As for the shot, my thought is that you were on private property, you cleared your background and you took action to protect animals you were responsible for - you did good. I obviously don't know the topography, but I might shoot a little further away from myself. Regardless, it was an encounter that turned out OK.

    Sleep well knowing you did the right thing. And, welcome to the forum!
    Last edited by RickyD; April 25th, 2013 at 10:28 PM. Reason: grammer

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    I think your actions were reasonable, though keep in mind that warning shots arent necessarily embraced as a good idea.

    From what you wrote, I don't have a problem with what you did,as a farmer myself, I've saved injury and death among dogs because my rare warning shot broke up their frenzy ratio on some unfortunate animal. It usually gets their attention, and they scatter.

    Be very careful and by no means make this a habit. Keep up with the lessons too.

    I have respect for the landowner, she is the boss, but I think I'm more bothered by the aunt.
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    VIP Member Array ccw9mm's Avatar
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    ^ Ditto, on ppk's remarks.

    Given they were dogs you had responsibility for, and given it was on property where you had responsibilities at the time, using that method in a responsible manner to break up such a fight and stop the killing of one of the dogs seems reasonable.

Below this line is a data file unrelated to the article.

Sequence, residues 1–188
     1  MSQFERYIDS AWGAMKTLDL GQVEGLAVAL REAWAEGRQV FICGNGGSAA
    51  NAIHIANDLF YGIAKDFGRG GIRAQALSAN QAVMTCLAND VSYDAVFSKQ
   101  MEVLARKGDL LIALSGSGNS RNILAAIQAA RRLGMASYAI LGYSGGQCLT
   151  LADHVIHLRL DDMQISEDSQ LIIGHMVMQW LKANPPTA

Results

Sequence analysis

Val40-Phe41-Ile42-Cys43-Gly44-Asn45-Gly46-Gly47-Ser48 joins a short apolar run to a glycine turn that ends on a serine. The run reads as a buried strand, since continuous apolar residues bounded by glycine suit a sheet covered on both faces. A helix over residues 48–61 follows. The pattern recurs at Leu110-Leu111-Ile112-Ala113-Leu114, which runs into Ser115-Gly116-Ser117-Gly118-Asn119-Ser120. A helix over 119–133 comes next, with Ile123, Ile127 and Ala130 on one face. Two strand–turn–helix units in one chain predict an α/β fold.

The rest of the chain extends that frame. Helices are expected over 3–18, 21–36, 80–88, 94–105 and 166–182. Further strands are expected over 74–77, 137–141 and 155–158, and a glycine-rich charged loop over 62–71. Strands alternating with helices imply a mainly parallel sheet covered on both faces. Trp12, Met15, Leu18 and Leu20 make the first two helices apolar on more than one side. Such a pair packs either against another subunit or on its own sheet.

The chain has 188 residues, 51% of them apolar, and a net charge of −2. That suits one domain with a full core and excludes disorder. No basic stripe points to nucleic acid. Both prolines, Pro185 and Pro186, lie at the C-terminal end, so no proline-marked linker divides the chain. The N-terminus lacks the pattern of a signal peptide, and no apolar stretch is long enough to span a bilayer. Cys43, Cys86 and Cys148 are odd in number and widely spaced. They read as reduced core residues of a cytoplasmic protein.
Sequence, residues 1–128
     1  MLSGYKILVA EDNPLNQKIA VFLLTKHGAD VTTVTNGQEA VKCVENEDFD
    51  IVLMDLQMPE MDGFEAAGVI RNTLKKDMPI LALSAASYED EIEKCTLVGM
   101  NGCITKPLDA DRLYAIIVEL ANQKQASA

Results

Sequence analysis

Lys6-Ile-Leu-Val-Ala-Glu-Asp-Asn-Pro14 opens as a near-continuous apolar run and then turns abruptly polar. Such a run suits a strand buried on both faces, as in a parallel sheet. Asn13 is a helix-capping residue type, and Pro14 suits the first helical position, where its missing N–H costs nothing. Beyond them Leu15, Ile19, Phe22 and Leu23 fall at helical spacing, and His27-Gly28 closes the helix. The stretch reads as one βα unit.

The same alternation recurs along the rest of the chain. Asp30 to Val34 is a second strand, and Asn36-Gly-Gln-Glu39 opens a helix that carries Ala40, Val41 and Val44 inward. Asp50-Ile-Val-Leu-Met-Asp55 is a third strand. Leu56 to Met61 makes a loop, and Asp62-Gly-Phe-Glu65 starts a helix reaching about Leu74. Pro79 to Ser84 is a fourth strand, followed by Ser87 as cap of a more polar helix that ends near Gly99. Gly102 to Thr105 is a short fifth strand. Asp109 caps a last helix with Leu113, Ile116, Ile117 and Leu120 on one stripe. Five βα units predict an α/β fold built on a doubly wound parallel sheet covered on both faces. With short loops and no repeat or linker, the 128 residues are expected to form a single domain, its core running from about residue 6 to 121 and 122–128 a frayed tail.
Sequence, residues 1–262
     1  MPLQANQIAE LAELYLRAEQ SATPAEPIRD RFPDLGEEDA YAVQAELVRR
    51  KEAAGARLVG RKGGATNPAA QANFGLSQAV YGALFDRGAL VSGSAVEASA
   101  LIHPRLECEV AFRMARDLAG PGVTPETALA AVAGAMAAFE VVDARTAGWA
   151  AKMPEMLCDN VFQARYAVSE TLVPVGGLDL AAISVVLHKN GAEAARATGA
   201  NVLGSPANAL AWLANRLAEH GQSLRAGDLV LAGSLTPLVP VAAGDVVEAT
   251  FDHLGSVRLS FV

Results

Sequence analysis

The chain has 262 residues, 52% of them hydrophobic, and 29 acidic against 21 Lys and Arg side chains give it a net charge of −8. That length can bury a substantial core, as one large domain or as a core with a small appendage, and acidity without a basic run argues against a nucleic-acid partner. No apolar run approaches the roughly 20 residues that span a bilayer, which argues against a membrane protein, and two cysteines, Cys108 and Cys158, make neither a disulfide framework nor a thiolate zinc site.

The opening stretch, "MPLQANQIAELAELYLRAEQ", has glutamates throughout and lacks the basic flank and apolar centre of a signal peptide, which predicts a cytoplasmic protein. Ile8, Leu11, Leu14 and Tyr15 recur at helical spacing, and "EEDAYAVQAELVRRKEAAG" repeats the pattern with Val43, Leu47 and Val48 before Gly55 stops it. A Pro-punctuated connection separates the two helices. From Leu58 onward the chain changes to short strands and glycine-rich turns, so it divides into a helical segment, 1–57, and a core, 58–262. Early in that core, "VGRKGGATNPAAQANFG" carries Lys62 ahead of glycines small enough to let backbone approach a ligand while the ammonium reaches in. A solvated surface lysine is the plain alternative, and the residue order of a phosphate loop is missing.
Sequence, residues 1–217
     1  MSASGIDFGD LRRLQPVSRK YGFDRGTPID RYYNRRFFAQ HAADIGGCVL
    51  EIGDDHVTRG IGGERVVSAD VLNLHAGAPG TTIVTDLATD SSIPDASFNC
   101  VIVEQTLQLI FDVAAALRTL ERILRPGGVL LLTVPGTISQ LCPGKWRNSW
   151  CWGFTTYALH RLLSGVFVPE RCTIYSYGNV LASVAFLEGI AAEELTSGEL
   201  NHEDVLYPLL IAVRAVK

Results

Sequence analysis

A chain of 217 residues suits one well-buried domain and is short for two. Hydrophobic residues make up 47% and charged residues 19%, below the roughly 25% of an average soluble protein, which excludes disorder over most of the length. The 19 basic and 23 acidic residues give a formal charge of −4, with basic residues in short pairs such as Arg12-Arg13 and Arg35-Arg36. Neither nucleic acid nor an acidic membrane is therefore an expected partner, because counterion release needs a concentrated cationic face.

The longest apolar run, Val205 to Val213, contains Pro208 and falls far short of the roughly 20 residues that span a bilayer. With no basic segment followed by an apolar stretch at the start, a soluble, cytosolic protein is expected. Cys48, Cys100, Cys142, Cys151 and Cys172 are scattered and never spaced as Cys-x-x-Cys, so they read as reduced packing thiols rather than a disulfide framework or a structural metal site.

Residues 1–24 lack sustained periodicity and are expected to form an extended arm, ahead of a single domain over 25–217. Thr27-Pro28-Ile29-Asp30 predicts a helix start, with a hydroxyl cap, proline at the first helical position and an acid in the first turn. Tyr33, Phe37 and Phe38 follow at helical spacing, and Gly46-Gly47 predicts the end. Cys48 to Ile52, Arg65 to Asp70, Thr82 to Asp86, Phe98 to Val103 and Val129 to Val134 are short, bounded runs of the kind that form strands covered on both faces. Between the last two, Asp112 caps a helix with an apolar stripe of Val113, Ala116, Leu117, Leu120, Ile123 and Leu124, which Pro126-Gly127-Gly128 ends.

Though, if it were not your own dogs or you were just out and about along a public road, path or other property, I wouldn't advise using deadly force to break up a "junkyard dog" fight. Bad juju, given how most folks will react to such claims of "necessity." Translation: I would also be careful of making this a habit. Or, if you prefer, avoid the tendency of viewing all problems as nails in need of your hammer.
    Your best weapon is your brain. Don't leave home without it.
    Thoughts: Justifiable self defense (A.O.J.).
    Explain: How does disarming victims reduce the number of victims?
    Reason over Force: The Gun is Civilization (Marko Kloos).
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    VIP Member Array Stevew's Avatar
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    As long as you put no one in danger, you are fine. You used a tool and got the desired result.